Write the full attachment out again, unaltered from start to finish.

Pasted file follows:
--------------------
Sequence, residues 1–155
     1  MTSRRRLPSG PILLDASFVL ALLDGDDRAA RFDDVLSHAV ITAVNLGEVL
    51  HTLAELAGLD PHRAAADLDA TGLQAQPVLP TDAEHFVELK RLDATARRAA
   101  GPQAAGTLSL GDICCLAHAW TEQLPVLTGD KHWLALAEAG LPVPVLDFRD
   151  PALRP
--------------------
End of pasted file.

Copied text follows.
Sequence, residues 1–155
     1  MTSRRRLPSG PILLDASFVL ALLDGDDRAA RFDDVLSHAV ITAVNLGEVL
    51  HTLAELAGLD PHRAAADLDA TGLQAQPVLP TDAEHFVELK RLDATARRAA
   101  GPQAAGTLSL GDICCLAHAW TEQLPVLTGD KHWLALAEAG LPVPVLDFRD
   151  PALRP